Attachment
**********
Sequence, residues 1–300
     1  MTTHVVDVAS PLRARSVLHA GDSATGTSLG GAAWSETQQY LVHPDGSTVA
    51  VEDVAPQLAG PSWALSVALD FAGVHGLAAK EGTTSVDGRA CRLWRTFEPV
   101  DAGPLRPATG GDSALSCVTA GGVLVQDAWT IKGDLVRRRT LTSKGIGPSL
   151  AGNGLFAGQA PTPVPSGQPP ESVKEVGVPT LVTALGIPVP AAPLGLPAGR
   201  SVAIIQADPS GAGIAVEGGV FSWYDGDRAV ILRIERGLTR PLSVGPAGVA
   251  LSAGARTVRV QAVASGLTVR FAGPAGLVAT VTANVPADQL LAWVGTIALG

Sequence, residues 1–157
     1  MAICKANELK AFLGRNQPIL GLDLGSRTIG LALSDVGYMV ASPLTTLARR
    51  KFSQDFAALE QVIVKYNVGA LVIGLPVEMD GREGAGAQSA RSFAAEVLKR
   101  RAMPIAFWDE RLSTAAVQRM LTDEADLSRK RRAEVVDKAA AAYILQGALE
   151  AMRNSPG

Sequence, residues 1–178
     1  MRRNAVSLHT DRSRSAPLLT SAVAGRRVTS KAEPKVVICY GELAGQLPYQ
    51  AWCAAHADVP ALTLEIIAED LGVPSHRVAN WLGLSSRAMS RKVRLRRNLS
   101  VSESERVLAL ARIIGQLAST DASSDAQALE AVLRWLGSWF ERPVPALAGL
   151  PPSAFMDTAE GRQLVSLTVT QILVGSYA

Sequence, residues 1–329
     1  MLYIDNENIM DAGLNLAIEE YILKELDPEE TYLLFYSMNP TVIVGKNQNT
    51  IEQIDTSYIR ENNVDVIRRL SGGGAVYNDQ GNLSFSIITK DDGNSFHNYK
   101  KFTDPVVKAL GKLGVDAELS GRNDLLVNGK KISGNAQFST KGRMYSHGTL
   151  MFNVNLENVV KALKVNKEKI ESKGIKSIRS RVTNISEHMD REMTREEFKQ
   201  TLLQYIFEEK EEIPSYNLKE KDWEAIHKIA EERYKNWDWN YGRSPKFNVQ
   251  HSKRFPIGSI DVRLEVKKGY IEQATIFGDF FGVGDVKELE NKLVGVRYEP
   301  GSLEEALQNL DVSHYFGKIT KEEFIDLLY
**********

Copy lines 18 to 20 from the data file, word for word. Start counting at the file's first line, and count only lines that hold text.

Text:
Sequence, residues 1–329
     1  MLYIDNENIM DAGLNLAIEE YILKELDPEE TYLLFYSMNP TVIVGKNQNT
    51  IEQIDTSYIR ENNVDVIRRL SGGGAVYNDQ GNLSFSIITK DDGNSFHNYK